As told to Nicole Audrey Spector
I would wake up crying at 3 a.m. feeling like the ceiling was lowering and the walls were closing in on me. My throat and chest were tight. There was no exit, no escape. My thoughts were racing so fast I expected my head to explode.
I’d always lived with a low-level feeling of dread I had no name for. But these nightmarish feelings of being trapped, of being stifled, were truly unbearable. And they struck while I was at work, too.
I was a middle school teacher juggling more than a full load of classes to make rent in Los Angeles. It was usually during my lunch break, when I finally had some time to catch my breath, that I found myself gasping for it.
I felt the extreme urge to flee and would often literally speed walk around the campus. Anything to distract from the tidal wave of out-of-control thoughts.
I didn’t know what was happening to me, but it seemed to be affecting my body as well as my mind. I struggled with digestive problems, including severe constipation.
I visited my healthcare provider (HCP) to get help with the digestive issues. He thought they were tied to stress overload and burnout, and encouraged me to relax and possibly talk with a therapist. But I just couldn’t pause for even a second to do anything but work, work, work. In addition to my demanding day job, I was also taking classes to pursue my passion for film and television and doing my best to network, socialize and date.
I was in my mid-30s and the pressure to do everything right — right away — was intense.
It wasn’t until the world came crashing to a halt in response to Covid that I was forced to slow down. I went back home to Houston, Texas, to ride out the pandemic with my parents and to just take a break from the madness of my go-go-go life in LA.
Back home, in the delightfully dull suburbs, I was able to truly rest and take time to reflect on how I had been living the last two years since relocating to LA. I pieced together that I was running on empty and that those scary moments where I felt unable to breathe were panic attacks, and that I was living with anxiety. Finally I had a name for it.
And I realized that, with my workaholic lifestyle and fierce drive to succeed, I had managed to become my own worst enemy. I was running myself ragged. My body and mind were crying out for help. And that cry for help manifested in part as anxiety and panic attacks.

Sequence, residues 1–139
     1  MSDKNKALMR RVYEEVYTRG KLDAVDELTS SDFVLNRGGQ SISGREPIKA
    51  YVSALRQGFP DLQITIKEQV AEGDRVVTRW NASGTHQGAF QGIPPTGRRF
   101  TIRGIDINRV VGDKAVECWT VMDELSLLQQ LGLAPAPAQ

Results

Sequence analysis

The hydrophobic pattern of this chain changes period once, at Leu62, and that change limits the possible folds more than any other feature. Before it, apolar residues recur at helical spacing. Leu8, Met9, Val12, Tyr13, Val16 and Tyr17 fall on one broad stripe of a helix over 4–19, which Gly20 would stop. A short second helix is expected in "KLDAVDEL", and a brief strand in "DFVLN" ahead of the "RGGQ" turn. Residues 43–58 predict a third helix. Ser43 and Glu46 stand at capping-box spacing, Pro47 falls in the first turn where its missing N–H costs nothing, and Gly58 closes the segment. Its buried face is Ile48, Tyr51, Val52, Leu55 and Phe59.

As soon as the off switch was flipped on my hectic life, my digestive symptoms resolved and the panic attacks stopped. All the anxious thoughts disappeared as though cast away by fairy dust.
The shape of my life changed. Rather than working nonstop and then desperately trying to cobble together social, romantic and creative extensions of myself, I embraced a slower pace. I visited with old friends in the park, masked up and six feet apart. I went on long walks with my parents’ dog. I ate full meals and slept all the way through the night. I woke up refreshed instead of teary and afraid.
The irony that I became my healthiest self when the world was brought to its knees by a deadly virus that has, to date, killed well over 1 million Americans, is not lost on me, but I must also make clear that I wasn’t blind to what was going on around me. I was generally frightened and sad about Covid, but not in a way that personally overwhelmed me.
Additionally, I felt a sort of solace in the concept of all of the world sheltering in place together. And I found an inspiring sense of connectivity in social media, where people joined in on viral trends while self-isolating, be it learning a new dance or baking a new kind of bread.
It wasn’t until the world began opening up again that I got a return visit from the anxiety I thought I’d shaken off for good. Questions raced through my mind: Should I go back to LA? What would I do with my life? Am I doing enough?
Once I felt the anxious questions ramp up, I knew that I could easily be headed back down that dark, restless path that had been my life for two fraught years. I had to seriously step back and decide: Do I want to hustle every second of the day for the dream of “making it” in a town that hadn’t shown me much love? Or do I want to actually enjoy my life with my sanity intact?
I chose the latter.
I decided to stay in Houston and get more serious about content creation, specifically my YouTube channel, which I created during the pandemic and where I share pretty much everything — be it my thoughts on dating, anxiety or Beyoncé. It’s not traditional therapy — but it is definitely therapeutic for me. And it’s united me with an army of people who appreciate me, and whom I appreciate right back.
I’ve always been a very goal-oriented person and I think that, for me, my anxiety fed on the ambitious part of me. I’m still goal-oriented and ambitious, but by taking time to rebuild my life and reclaim my time, I’m focused less on this extreme version of my own success, and more centered on what I can do to serve a community and make a positive impact on other people’s lives.
I still have my low times — but they’re nothing like they were before. When I feel an anxious wave coming, I have the space and self-love to dodge it. I may pick up the phone and talk with a nearby friend who can meet me for lunch. Or I may hash out my feelings in my journal or work on a new video for my channel.
While I shudder at the memory of how severe my anxiety was back in LA, I’m thankful I experienced it. Without it, I wouldn’t be where I am today — living a life that’s healthy and right for me.
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